‘Glen’s just a guy that everyone’s always admired,’ says Park Board Commissioner
After 58 years watching over Vancouver’s pools and beaches, lifeguard Glenn Schultz has hung up his whistle.
At age 75, Schultz retired at the end of last year.
“I have had a great career in aquatics, in a job I love, but there comes a time when you must move over to let others take over.
“I have stayed 10 years past my original retirement date and have enjoyed it all,” said Schultz.
Much has changed over those six decades of work, says Schultz. Back in the 1960s and 70s, smoking and bonfires were still permitted on beaches, as were inner tubes and inflatable devices on the water. It cost 15 cents to dress and undress in changing rooms.
Schultz said a couple of his uncles were lifeguards, but initially he wasn’t keen on the profession, until, at the age 16, while swimming at Vancouver’s Locarno Beach, he spotted a boy drowning.
“When I saw his eyes that were as big as saucers, I knew he was in big trouble. So, I jumped in and grabbed him,” said Schultz.
“After I rescued him, I felt really good, and I said ‘Hey, maybe this is a job I want to do,’ and so I went to lifeguard school the next winter.”
Schultz began his career in 1960, at age 17, working as an auxiliary outdoor lifeguard at Locarno beach.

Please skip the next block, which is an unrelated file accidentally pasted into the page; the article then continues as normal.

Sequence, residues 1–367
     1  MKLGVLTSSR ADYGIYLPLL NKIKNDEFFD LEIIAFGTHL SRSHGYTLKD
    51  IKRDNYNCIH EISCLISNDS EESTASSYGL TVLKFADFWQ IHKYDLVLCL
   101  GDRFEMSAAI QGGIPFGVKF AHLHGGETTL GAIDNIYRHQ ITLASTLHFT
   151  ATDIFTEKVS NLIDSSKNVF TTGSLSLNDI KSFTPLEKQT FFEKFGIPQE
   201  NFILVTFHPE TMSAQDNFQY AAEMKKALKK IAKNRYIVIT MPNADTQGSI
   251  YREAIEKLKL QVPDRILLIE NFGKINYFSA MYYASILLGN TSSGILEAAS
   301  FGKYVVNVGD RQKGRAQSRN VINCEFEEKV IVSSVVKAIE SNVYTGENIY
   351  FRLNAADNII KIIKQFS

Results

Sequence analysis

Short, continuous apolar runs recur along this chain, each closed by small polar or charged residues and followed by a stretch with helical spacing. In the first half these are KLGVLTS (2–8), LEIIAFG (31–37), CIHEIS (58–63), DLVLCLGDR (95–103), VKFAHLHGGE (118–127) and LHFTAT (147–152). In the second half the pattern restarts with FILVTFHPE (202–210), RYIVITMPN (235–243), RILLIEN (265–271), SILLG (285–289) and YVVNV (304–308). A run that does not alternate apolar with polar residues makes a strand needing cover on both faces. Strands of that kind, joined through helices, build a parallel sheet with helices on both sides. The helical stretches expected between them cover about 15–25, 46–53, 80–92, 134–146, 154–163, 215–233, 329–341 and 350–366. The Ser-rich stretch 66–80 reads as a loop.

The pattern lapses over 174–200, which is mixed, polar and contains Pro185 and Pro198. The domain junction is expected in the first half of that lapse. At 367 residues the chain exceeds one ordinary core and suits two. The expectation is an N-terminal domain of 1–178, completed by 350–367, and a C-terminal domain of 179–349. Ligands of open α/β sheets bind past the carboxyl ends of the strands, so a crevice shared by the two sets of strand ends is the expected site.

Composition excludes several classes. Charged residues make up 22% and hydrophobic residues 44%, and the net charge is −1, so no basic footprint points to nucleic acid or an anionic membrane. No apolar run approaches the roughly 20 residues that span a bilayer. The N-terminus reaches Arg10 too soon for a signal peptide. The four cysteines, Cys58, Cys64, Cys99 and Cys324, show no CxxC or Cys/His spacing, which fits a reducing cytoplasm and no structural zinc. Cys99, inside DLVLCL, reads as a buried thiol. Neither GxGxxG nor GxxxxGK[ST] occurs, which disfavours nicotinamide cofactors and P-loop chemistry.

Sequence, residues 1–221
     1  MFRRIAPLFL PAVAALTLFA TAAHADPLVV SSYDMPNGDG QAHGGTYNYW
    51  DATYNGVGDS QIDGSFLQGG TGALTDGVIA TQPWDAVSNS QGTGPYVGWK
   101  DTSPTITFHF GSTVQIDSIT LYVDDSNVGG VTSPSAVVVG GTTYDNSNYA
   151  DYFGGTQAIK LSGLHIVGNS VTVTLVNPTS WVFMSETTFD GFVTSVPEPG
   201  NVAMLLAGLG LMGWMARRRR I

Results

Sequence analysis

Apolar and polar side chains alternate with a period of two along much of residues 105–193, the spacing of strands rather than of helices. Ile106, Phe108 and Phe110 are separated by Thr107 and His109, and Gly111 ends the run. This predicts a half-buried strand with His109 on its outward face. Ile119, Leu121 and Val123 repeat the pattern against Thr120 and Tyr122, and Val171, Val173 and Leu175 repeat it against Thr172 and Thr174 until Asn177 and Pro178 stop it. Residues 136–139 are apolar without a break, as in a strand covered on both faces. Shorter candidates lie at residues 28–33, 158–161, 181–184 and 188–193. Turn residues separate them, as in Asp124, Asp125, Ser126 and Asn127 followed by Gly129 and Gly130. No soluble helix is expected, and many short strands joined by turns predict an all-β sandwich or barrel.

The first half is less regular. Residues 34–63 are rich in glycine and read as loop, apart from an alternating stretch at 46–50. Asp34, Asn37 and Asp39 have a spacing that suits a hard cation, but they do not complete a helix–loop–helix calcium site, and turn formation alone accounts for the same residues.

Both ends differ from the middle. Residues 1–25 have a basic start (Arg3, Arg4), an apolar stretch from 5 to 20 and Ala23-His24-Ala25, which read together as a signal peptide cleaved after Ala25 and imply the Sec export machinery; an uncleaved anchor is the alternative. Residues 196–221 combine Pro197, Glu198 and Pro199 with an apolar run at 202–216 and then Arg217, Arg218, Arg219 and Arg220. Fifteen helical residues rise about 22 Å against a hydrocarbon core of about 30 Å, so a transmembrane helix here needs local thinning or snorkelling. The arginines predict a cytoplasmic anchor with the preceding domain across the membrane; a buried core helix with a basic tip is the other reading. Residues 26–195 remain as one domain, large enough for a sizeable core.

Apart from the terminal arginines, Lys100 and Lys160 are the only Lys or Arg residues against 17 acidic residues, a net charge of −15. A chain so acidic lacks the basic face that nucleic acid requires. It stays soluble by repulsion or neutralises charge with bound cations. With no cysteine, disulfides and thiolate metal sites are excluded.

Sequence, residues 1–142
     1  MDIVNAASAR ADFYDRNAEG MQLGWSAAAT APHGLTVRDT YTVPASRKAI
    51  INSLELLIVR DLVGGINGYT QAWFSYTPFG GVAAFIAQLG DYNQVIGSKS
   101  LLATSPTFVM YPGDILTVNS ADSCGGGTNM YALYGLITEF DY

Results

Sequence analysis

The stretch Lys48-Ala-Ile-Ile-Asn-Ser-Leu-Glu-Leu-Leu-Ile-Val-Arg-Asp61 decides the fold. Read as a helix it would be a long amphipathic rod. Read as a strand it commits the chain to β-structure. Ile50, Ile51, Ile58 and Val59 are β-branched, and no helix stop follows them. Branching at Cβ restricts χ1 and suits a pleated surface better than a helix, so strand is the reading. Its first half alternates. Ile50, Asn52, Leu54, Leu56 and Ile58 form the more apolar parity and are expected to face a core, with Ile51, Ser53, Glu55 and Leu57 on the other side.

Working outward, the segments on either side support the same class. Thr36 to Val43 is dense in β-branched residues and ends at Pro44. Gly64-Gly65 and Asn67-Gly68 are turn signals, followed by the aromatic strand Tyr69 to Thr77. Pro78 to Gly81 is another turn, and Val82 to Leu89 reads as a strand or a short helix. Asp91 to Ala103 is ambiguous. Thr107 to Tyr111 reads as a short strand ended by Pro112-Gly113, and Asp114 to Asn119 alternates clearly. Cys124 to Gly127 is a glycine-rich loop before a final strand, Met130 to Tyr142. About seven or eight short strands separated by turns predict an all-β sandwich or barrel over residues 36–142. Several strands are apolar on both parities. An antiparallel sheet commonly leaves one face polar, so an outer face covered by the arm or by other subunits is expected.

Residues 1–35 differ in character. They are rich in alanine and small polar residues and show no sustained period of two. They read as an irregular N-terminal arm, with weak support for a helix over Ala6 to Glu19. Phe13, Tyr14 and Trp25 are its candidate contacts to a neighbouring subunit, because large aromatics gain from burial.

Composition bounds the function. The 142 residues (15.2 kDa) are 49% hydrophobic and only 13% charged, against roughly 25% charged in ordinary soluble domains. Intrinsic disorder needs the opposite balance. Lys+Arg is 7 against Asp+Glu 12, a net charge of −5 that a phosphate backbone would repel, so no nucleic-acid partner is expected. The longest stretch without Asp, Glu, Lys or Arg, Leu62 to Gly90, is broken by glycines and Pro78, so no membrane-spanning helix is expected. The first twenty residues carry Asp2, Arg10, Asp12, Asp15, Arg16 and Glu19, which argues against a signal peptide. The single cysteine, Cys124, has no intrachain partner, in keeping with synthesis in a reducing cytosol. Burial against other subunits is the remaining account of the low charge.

It wasn’t long after that when he had his most memorable save. It occurred during a hot July night when an eight-year-old, in the water, girl disappeared from an inner tube.
“I scanned down one end of the beach, and I came back slowly cause there was so many people in the water, and by the time I turned around I saw an empty inner tube there.”
“I started to move that way quickly. I thought, ‘My gosh she’s got to be there somewhere,’ and luckily I saw two fingers come out of the water … So, I ran down the beach about 50 yards, dove in, headed straight for the bottom, and I caught her settling on the bottom,” said Schultz.
“I brought her up and she screamed like you wouldn’t believe, and her dad came running from up by the car
“He says [he] went up to get a package of cigarettes, and I said that package of cigarettes almost cost your daughter her life.”
Schultz worked at every aquatic facility for Vancouver’s Park Board before taking his final post, which he held for the last 37 years, as the supervisor for beaches and outdoor pools.
Vancouver Parks and Recreation Commissioner Michael Wiebe, who is also a former lifeguard, said he first met Schultz when he was a teenager.
“Glen’s just a guy that everyone’s always admired … He’s always been involved in volunteer work, and was really instrumental I think in a lot of the lifeguards moving on and doing amazing things with their lives,” said Wiebe.
“I think a lot of people respect and understand our beaches better because of the traditions that he’s been able to keep.”
Schultz says he doesn’t have many plans for retirement, besides doing a bit of travelling and spending time with family.
As for what he will miss most about the job, he says it’s the people.